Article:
Moon voices strong confidence in defense posture after N.K. missile test

SEOUL-- President Moon Jae-in voiced strong confidence in South Korea's defense posture Friday, saying he proposed an end-of-war declaration with North Korea based on such readiness and vowing to deal sternly with any threats to the country.

His Armed Forces Day speech came hours after North Korea said it test-fired an anti-aircraft missile a day earlier in the third missile launch in about two weeks. Earlier this week, the North tested what it claimed was a "hypersonic" missile.

"I have pride in our solid security posture. I have proposed adopting an end-or-war declaration and opening a new era of conciliation and cooperation to the international community based on such trust and pride," Moon said in a televised speech marking the 73rd Armed Forces Day.

"The government and the military will respond sternly to any acts threatening the lives and safety of people," he said during the ceremony held on board the Marado, a landing platform helicopter (LPH) ship, in Yeongil Bay in the southeastern port city of Pohang. The bay is where the U.S. forces launched its first military landing operation during the 1950-53 Korean War.

Moon, however, did not mention North Korea's latest missile launches in the speech.

Last week, Moon proposed in a speech to the United Nations General Assembly the two Koreas and the United States, possibly joined by China, declare a formal end to the 1950-53 war. The North in response has expressed a willingness to discuss such a declaration on the condition Seoul ensures mutual respect.

The two Koreas are still technically at war, as the 1950-53 Korean War ended in a cease-fire, not a peace treaty.

Moon stated the first and foremost responsibility of commander in chief is creating and maintaining lasting peace on the Korean Peninsula and vowed to respond sternly to any acts threatening the lives and safety of the people.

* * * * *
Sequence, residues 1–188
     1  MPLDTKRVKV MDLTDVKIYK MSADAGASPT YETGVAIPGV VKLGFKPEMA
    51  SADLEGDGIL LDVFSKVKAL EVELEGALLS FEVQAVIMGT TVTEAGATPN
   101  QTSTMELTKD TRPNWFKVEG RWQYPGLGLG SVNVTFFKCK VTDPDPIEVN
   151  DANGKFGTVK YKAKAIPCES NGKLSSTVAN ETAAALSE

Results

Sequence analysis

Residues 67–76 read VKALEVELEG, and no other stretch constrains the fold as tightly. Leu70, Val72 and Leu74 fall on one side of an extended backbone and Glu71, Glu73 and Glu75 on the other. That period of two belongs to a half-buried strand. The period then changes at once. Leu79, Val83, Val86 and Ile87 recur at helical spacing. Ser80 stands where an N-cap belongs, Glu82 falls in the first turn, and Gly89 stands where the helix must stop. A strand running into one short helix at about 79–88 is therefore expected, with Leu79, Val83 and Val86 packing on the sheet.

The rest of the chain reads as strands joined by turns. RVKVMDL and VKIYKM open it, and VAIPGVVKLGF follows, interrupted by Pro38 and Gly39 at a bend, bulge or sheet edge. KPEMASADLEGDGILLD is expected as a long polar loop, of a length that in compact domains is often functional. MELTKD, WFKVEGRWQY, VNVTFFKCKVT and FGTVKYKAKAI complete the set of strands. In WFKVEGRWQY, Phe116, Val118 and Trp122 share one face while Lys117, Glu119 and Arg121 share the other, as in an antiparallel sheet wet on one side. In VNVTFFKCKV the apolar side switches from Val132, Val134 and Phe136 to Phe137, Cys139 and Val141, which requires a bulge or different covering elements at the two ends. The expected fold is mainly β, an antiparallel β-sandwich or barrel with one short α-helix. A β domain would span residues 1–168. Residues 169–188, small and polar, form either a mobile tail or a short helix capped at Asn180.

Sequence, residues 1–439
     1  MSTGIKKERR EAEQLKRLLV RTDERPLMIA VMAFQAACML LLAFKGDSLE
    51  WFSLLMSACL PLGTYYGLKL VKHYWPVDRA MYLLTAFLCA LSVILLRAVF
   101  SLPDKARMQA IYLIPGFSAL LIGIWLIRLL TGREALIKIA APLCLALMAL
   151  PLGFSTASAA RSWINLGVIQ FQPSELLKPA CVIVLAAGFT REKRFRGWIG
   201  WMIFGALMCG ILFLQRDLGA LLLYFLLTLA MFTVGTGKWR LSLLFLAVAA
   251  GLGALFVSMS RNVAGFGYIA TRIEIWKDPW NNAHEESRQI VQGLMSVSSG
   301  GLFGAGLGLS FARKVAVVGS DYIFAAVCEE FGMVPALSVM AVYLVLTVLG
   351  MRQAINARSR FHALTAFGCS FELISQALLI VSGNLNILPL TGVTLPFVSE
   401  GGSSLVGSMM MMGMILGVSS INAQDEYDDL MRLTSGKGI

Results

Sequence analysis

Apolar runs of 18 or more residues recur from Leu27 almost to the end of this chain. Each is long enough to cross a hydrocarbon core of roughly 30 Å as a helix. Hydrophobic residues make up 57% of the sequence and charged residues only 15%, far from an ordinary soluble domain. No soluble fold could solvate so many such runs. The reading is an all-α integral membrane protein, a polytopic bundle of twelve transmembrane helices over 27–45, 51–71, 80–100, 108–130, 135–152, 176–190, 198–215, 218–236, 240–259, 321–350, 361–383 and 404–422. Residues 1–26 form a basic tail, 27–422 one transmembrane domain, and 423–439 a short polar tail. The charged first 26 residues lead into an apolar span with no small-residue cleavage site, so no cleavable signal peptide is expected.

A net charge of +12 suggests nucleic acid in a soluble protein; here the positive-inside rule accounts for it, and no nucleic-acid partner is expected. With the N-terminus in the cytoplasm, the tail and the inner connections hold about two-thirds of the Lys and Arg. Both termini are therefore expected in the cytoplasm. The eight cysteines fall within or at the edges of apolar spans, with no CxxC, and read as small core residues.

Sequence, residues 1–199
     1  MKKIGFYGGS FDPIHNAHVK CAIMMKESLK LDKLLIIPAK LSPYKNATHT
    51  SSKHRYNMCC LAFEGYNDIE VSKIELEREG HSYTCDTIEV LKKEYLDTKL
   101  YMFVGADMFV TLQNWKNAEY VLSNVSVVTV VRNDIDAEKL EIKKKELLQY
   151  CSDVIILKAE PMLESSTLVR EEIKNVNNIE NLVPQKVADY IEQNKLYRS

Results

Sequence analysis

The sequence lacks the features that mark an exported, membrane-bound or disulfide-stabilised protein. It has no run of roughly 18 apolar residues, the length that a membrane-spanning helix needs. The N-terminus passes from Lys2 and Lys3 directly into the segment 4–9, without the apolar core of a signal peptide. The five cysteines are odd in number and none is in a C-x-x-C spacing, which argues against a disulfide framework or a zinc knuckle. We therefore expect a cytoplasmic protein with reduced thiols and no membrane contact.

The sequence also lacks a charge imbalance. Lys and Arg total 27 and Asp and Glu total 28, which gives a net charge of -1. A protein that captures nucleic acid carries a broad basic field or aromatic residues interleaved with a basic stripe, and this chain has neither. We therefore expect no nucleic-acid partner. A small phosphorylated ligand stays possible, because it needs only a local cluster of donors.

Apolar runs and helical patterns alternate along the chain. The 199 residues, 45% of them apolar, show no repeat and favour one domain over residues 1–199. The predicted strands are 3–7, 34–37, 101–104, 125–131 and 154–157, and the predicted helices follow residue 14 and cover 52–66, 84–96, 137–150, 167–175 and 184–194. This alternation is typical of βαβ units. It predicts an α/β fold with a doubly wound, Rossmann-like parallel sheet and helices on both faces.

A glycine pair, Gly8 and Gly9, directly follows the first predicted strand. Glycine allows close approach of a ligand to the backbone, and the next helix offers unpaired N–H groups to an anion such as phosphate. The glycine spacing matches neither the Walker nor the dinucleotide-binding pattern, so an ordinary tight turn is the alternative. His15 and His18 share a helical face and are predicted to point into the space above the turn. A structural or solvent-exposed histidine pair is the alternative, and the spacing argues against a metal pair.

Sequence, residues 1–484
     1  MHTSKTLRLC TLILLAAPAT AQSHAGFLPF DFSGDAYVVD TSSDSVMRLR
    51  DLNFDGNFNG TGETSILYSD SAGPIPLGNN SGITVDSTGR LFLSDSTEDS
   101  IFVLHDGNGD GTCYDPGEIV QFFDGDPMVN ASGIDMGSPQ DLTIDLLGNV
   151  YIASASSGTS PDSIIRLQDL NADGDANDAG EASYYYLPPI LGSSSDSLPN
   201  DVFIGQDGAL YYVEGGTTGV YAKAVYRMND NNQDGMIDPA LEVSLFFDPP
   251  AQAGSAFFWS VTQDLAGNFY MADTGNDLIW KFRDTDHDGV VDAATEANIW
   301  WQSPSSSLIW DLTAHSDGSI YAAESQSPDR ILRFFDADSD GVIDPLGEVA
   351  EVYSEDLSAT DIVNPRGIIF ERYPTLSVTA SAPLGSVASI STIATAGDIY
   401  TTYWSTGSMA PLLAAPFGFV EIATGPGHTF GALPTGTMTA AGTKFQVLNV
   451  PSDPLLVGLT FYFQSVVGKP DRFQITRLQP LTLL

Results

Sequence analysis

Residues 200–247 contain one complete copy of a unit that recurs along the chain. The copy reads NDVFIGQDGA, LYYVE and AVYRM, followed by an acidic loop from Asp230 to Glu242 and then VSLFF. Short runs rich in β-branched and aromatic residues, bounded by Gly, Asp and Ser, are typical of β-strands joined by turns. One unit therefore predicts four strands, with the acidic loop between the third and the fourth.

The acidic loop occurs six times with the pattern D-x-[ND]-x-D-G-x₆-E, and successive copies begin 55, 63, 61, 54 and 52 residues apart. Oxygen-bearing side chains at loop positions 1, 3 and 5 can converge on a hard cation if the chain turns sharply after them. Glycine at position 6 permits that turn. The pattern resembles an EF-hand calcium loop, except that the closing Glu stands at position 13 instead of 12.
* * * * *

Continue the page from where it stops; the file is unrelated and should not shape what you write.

He also stressed South Korea is further beefing up its security and defense posture, and stated the country was "producing more powerful missiles" following the full lifting of U.S.-imposed restrictions on missile development.

Moon also outlined the military's latest development breakthroughs, such as the launch of a new 3,000-ton-class submarine capable of launching ballistic missiles (SLBMs) and the development of a prototype for the KF-21, South Korea's next-generation fighter jet.

The president also highlighted "both South Korea and the U.S. were strengthening its joint defense posture" as part of efforts in meeting the conditions of South Korea's envisioned takeover of wartime operation control of its forces.

He also underscored Seoul's efforts in increasing budgets toward national defense, research and development of next-generation weapons, and wages for enlisted soldiers.

Moon also called for a bold reform of the military's workplace and human rights culture, in an apparent response to the recent public outcry over a series of recurring military sexual and physical abuse cases, and the military's inadequate response to them.

"Human rights should be central in efforts of reform. I ask you to remember that reforming with resolve akin to bone-cutting determination is the shortcut to becoming a strong military," Moon said.

Source: Yonhap news Agency

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